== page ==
In May 2011, Kemah E.P. Washington earned his Ed.D in Higher Education Administration. And since he was a graduate assistant with the Graduate School from 2008 until his graduation, we thought we'd give an update on Kemah's new endeavors -- and what he's doing with that Ed.D.!
Some of you might know that Kemah was instrumental in establishing Graduate Education Week, as well as helping to produce many flyers, slides, web pages, and publications. But it seems that Kemah was also raised in a family with a long history of service. Kemah's grandfather was an Episcopal priest who served on a five-year mission in Liberia. His father was born during that mission and named 'Kemah' (which ". . . means "Big Brother" in the Liberian language.). So, it was no surprise to his family that Kemah had a desire to follow the family tradition.
In September 2011, the Washington family -- Kemah, his wife Brandi, and daughter Kennedi -- finalized plans for a year-long mission to West Africa. They are currently serving at the Baptist School and Orphanage Complex (BASCO) in Trotor, Ghana. Although it started as only a few mud huts, BASCO houses and feeds more than 120 orphans, educates over 200 children, and has a staff of 21 teaching and non-teaching staff. The compound now consists of a girls and boys dormitory, four rooms for teachers quarters, girls and boys washrooms, dining hall, auditorium, administrative office, classrooms, a computer lab, and library. A medical clinic and kitchen are now in the process of being built thanks to the generosity of local and international supporters.
Brandi says that running an orphanage "is gut-wrenching work." And she doesn't know how Pastor Victor Ofori-Amoah (the school's founder and director) can do it day in and day out. But all the commitment and dedication pays off when a student can go to high school or when other students can get donations of flip-flops or basic school supplies.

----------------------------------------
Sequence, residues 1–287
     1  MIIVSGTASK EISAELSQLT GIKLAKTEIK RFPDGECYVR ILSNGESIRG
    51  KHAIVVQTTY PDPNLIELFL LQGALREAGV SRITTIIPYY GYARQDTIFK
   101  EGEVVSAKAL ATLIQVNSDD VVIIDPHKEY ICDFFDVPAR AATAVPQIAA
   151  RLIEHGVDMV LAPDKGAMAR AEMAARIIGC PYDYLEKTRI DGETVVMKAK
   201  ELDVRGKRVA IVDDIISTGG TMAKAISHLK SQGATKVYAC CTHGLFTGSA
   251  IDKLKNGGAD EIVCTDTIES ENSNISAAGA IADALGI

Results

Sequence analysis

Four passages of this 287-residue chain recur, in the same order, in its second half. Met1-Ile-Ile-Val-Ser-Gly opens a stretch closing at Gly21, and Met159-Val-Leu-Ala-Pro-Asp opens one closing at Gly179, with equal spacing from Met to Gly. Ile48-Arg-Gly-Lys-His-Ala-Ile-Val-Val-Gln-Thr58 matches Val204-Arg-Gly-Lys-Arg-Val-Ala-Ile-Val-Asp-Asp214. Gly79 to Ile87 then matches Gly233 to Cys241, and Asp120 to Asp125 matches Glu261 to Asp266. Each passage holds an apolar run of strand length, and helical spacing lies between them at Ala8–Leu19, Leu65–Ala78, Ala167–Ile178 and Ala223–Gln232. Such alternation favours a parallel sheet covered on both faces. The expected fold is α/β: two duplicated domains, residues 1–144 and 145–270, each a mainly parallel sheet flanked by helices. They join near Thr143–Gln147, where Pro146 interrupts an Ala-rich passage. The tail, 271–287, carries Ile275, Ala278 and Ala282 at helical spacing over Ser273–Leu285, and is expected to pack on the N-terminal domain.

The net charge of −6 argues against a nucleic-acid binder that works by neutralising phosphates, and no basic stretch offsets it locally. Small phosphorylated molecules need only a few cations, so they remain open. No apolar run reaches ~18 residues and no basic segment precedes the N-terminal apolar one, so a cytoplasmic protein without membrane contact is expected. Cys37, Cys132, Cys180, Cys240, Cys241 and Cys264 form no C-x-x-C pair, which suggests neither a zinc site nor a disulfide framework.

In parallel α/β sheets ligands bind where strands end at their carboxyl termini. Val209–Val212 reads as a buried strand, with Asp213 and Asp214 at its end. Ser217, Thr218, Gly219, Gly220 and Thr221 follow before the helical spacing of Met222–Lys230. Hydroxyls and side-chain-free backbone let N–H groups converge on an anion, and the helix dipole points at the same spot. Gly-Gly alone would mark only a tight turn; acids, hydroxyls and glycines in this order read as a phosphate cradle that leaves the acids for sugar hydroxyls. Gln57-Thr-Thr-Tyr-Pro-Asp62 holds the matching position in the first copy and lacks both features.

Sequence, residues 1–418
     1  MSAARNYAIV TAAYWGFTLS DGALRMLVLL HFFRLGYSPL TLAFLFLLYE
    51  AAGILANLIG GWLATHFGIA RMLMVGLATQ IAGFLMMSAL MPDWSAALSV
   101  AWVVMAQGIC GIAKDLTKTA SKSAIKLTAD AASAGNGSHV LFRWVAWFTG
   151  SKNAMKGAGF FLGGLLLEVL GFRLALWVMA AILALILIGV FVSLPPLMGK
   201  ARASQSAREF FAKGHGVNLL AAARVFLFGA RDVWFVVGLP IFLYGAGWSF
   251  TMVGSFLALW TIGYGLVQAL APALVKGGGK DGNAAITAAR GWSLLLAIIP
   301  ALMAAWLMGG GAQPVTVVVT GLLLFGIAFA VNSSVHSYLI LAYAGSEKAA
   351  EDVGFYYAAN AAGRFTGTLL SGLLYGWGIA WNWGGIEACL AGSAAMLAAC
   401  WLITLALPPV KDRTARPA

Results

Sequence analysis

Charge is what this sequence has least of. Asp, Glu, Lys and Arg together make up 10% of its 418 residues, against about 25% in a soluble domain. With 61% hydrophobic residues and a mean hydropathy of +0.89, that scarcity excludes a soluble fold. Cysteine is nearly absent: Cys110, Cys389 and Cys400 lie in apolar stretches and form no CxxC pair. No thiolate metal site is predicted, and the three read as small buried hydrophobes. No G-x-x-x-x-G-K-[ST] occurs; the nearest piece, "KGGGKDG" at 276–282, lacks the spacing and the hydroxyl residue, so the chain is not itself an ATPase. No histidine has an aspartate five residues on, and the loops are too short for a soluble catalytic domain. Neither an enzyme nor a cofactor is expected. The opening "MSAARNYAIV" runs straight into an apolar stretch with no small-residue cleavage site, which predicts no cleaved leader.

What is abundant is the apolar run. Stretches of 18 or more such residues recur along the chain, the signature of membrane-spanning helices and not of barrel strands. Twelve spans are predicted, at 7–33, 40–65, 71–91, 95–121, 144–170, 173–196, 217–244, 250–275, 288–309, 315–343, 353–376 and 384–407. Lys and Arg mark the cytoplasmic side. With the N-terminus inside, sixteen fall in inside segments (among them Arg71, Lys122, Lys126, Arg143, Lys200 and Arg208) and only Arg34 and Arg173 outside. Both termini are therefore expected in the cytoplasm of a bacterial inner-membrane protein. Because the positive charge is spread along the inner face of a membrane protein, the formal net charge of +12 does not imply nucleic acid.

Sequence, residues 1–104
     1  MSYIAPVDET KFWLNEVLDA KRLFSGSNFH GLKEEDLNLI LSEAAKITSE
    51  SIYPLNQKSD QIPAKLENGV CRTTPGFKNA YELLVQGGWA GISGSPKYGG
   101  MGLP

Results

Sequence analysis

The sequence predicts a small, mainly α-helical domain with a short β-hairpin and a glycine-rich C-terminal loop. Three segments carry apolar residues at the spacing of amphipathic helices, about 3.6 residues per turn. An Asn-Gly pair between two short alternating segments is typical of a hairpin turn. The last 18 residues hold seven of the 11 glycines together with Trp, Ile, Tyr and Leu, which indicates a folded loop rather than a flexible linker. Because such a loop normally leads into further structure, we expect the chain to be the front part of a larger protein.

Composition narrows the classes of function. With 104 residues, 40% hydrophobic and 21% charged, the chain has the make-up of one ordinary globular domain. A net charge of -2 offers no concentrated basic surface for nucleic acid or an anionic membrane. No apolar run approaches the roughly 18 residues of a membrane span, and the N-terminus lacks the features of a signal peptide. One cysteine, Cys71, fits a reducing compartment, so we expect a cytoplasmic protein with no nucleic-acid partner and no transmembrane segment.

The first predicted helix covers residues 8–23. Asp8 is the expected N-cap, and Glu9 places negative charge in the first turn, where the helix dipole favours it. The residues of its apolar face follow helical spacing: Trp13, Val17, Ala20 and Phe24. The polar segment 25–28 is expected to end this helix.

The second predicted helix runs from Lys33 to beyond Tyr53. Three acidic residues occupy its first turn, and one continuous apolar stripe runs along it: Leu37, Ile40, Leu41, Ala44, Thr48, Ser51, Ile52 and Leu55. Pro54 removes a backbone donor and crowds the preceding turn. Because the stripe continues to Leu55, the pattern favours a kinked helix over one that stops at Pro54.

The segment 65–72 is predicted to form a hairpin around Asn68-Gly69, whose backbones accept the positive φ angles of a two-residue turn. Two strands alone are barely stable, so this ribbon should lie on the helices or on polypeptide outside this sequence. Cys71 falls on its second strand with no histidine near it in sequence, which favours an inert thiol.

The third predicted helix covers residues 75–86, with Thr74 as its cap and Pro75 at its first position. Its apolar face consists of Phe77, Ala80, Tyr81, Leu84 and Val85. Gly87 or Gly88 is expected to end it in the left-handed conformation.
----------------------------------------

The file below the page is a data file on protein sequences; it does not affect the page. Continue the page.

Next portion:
Even still, there is a need for long-term planning for BASCO -- and this is where Kemah's expertise comes in! He will be working with Pastor Victor to develop a long-term sustainability plan for the orphanage and school. One of the largest and most important of the projects includes overseeing the planning and building of a high school. Another important project is to establish a program for young girls that focuses on their growth, enrichment, and self-worth. Clean drinking water, renewable energy sources, and improving the school's piggery and poultry farm are also on the Washington's 'wish list.'
Obviously, Ghana is a far cry from the Washingtons' life in Raleigh. But their experience in Africa -- the culture, the language, and all the new friends and supporters -- as well as their drive to make life better for others will last a lifetime.
If you would like to know more about the Washingtons adventures in Ghana, click HERE to read their blog.
Click here to view archived Graduate School stories.